After the Covid-induced bear market, when the Standard & Poor’s 500 index lost 34% of its value, share prices recovered swiftly and now trade at nearly 20 times their 12-month reported profits. Suddenly, fears have grown of a stock bubble that’s about to burst.
While no one can predict the next stock-market move with certainty, what’s clear is that the stock market’s valuation metrics have changed with the financial times. Under the current regime of ultra-low bond yields -- a condition not expected to change anytime soon -- a new stock valuation paradigm has taken root.
Low yields on bonds make stocks more attractive to investors, altering the historical relationship in the respective valuations of the world’s two most fundamental investments. With bonds yields low and inflation likely dormant, investors are willing to pay a higher price-earnings multiple for stocks.
Look at how, during the tech stock bubble of 2000, when the Standard & Poor’s 500 price spiked to nearly 30 times trailing 12-month earnings, the yield on a 10-year U.S. Treasury bond was 6%. That compares to the recent 10-year bond yield of only six-tenths of 1%! Bonds in the tech bubble yielded 10 times as much as they do now! Inflation in that period of sky-high stock valuations was more than 2%, versus one-half of 1% currently, and since inflation is not expected to spike higher any time soon, it’s helping keep bond yields from rising.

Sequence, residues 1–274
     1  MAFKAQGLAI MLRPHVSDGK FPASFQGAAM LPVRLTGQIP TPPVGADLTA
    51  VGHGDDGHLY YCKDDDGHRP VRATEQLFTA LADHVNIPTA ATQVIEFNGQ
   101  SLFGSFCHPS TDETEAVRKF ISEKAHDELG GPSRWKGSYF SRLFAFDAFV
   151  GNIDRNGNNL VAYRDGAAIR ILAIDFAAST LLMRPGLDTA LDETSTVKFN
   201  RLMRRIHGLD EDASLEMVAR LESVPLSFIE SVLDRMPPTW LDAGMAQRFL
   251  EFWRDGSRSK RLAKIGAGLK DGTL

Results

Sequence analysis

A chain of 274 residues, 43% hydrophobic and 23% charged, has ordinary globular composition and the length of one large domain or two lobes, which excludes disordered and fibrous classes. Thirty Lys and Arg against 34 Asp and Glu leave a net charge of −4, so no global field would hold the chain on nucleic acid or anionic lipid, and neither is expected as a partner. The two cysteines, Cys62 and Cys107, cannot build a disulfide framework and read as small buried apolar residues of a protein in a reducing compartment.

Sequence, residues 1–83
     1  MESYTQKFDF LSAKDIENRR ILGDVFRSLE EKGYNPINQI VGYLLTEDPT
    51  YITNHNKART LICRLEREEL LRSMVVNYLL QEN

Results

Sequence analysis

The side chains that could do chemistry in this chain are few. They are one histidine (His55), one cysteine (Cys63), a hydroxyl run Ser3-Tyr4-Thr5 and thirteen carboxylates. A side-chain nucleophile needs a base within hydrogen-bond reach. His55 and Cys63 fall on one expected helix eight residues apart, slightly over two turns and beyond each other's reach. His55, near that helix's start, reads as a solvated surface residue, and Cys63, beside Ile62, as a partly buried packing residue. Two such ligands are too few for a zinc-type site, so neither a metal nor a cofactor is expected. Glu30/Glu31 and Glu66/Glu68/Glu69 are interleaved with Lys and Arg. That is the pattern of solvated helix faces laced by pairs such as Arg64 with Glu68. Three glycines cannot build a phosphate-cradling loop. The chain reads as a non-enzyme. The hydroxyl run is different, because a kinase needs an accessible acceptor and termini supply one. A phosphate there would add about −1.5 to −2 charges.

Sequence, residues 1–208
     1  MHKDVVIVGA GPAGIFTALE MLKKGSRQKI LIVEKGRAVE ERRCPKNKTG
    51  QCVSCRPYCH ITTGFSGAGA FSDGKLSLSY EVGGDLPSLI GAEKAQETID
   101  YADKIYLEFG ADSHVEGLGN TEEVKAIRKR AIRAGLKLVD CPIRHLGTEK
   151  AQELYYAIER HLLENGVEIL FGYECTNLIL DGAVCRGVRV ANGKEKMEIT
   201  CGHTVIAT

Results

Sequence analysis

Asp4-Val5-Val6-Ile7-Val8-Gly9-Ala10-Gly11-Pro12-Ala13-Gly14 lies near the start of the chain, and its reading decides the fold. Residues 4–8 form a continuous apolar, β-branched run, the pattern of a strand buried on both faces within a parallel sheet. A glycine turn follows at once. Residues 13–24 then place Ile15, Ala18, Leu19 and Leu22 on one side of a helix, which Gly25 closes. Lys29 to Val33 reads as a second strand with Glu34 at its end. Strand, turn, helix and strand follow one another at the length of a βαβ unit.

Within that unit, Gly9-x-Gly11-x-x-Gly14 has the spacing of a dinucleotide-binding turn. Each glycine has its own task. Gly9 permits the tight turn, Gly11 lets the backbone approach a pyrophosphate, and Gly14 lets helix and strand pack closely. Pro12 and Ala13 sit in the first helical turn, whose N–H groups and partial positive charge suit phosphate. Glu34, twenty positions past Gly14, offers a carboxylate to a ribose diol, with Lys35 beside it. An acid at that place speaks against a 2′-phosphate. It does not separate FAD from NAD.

In addition to a shift in the stock valuation paradigm, modern financial markets differ from the past in another important way: Since the 1970’s, America has undergone a revolutionary expansion of IRAs, 401(k)s, and other federally qualified retirement plans. Incentivized by tax legislation for the past five decades, Americans have grown into a permanent investor class supported by a system designed to encourage staying invested for a lifetime. The modern-era American investor is not so much concerned with the stock market’s short-term gyrations. Hedge funds, Wall Street banks, and professional speculators are the proximate cause of much of today’s stock market volatility, but they are widely ignored by the American investor class, as they recognize the slow but inexorable progress that America’s largest public-company investments represent.
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